ElderLaw News

ElderLaw News is a weekly e-newsletter that brings you reports of legal developments and other trends of vital interest to seniors and their advocates. This newsletter is brought to you by The Estate Planning & Elder Law Firm, P.C., William S. Fralin, Esq., President.

How Does Medicaid Treat Heir Property?

The Estate Planning and Elder Law Firm has been busy analyzing Transmittal #84 to the Medicaid Manual.

Many of the provisions of Transmittal #84, which became effective July 1, 2006 are the result of the passage of the Deficit Reduction Act of 2005, and they are exactly as The Estate Planning and Elder Law Firm has reported in previous editions of the Elder Law News. Because many of the changes in the law will have an impact on Medicaid planning, The Estate Planning and Elder Law Firm will continue to report on the effect of Transmittal #84 in future editions of the Elder Law News. These changes require seniors to think about long-term care planning well before their need for nursing home care.

Some planning opportunities remain unchanged. For example, a recent case presented a common situation in developing a Medicaid asset protection plan for a married couple in Virginia. A community spouse was seeking advice in obtaining Medicaid long-term care assistance for her institutionalized husband who was mentally incapacitated.

The husband had inherited an interest in two parcels of real property: one parcel from an uncle named James, and the other parcel from an uncle named William. Neither uncle had a will or a list of heirs on record. Each parcel of real property had an assessed value of about $10,000. The husband had been paying the real estate taxes on both of these parcels of property for years. The wife knew that her husband’s parents were deceased, and that he had four siblings. She also knew that her husband had at least two deceased uncles, but she did not know if he had any other aunts or uncles. This resulted in the institutionalized spouse owning a fractional interest in the two parcels of real property.

Many people of modest means often die without a will. As a result, their assets will pass to their heirs as provided under the laws of intestate succession set forth in the Virginia Code. Frequently, this will result in a large number of heirs owning a relatively small interest in a single piece of real property as tenants in common. These property interests are often called "heir property." Unless all of the owners can be located and consent to the sale of this heir property, it can only be sold through an expensive and time consuming court action called a partition suit.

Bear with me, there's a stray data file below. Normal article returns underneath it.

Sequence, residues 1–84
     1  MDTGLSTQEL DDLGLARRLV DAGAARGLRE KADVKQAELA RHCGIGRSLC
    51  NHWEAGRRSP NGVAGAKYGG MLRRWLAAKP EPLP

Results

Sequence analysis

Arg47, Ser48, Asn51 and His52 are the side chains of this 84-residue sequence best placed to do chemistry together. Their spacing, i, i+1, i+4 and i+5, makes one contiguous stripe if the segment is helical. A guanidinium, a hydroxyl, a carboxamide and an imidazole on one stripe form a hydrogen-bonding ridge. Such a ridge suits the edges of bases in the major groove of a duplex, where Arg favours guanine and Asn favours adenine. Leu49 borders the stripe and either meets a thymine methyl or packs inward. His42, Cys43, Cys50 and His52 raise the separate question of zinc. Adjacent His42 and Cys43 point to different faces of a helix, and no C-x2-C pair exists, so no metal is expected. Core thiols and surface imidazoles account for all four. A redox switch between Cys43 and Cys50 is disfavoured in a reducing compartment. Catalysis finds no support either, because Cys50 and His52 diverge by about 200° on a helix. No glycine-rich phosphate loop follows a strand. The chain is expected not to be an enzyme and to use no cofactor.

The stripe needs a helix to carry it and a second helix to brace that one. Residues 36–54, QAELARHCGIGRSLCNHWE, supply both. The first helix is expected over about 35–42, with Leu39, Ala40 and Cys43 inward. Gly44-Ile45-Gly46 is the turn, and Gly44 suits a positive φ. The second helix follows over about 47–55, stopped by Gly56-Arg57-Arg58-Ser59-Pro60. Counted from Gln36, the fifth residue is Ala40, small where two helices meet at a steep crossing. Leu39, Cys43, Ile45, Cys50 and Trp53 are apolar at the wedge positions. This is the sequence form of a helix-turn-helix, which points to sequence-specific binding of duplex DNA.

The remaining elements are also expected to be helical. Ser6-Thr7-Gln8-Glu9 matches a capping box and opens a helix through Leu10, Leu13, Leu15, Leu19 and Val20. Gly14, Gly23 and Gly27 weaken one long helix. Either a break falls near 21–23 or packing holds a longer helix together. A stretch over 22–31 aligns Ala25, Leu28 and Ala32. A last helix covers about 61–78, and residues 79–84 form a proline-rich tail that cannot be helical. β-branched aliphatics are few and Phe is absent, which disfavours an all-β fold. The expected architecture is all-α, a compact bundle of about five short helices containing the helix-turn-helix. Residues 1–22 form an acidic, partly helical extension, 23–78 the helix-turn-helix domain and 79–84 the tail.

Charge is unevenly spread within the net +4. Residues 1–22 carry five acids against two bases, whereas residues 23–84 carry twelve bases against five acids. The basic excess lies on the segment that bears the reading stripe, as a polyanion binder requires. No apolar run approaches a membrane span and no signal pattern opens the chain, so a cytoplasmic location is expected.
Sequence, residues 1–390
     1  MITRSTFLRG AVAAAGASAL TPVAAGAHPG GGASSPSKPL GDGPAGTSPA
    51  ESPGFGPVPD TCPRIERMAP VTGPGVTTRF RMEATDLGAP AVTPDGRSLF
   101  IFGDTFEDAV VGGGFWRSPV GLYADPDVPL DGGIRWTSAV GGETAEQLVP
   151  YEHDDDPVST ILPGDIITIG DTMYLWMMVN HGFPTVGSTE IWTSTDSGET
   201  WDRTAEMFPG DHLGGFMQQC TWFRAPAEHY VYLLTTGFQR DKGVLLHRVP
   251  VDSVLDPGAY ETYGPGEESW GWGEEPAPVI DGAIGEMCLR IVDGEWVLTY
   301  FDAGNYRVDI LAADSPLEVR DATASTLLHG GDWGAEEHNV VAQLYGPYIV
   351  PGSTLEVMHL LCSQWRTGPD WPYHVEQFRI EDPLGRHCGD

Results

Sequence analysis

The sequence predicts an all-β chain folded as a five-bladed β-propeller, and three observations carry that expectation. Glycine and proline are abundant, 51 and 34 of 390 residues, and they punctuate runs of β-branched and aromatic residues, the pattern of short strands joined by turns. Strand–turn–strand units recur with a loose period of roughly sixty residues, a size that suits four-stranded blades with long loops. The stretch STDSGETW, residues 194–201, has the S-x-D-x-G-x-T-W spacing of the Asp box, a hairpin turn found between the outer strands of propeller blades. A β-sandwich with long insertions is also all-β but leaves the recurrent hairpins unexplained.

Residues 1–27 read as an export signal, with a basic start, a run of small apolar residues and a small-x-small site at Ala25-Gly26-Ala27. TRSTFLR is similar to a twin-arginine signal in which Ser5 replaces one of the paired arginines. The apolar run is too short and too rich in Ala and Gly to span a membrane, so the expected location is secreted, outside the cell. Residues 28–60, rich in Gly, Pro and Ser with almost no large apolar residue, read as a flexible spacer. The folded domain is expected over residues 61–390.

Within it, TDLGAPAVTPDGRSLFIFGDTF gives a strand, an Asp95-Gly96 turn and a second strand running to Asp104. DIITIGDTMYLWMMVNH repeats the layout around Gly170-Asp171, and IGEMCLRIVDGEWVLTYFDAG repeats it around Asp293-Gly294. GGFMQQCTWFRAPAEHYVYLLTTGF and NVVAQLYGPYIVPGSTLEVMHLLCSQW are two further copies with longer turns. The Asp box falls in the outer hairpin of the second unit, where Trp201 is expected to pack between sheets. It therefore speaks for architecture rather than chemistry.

How should the interests of the institutionalized spouse in these two parcels of real property be treated on the Medicaid application? The Virginia Medicaid Manual provides that an undivided interest in real property is an asset. Therefore, the property interest must be reported on the application; however, we do not want the entire value of both parcels to be applied to the community spouse’s resource allowance. The Medicaid Manual provides that if a partition suit is necessary to sell real property because there is at least one other owner, then the estimated cost of the partition suit may be deducted from the property’s value. If the cost of the partition suit would result in the applicant securing title to property that does not have a value substantially in excess of the cost of the suit, then the property will not be treated as an asset. (See Virginia Medicaid Manual Sections S1120.010(C)(2) and M1120.215.)

In the case under discussion, the community spouse was directed to execute an affidavit stating that her husband owned an undivided interest in both parcels of real property with his siblings and other family members. The community spouse then obtained a written estimate of the cost of a partition suit for each parcel of real property from a local trial attorney. Because these estimates exceeded the value of each parcel of real property, the community spouse listed each parcel on the application with a zero value. The affidavit and written cost estimates were attached to the Medicaid application.

The attorneys at The Estate Planning and Elder Law Firm provide valuable assistance to families in planning for their long-term care needs, including estate and investment planning. With the recent changes in the law, advance planning is more critical than ever.

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The Estate Planning & Elder Law Firm, P.C.

The Estate Planning & Elder Law Firm, P.C. is an elder law firm. We represent older persons, disabled persons, their families, and their advocates. The practice of elder law includes estate planning, estate and trust administration, powers of attorney, advance medical directives, titling of assets and designations of beneficiaries, guardianships, conservatorships, and public entitlements such as Medicaid, Medicare, Social Security, and SSI, disability planning, income tax planning and preparation, care management, and fiduciary services. For more information about The Estate Planning & Elder Law Firm, P.C., please visit our website at http://www.chroniccareadvocacy.com.

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This newsletter is not intended as a substitute for legal counsel. While every precaution has been taken to make this newsletter accurate, we assume no responsibility for errors, omissions, or damages resulting from the use of the information in this newsletter. The Estate Planning & Elder Law Firm, P.C. thanks the law firm of Hook Law Center for their input to this newsletter.

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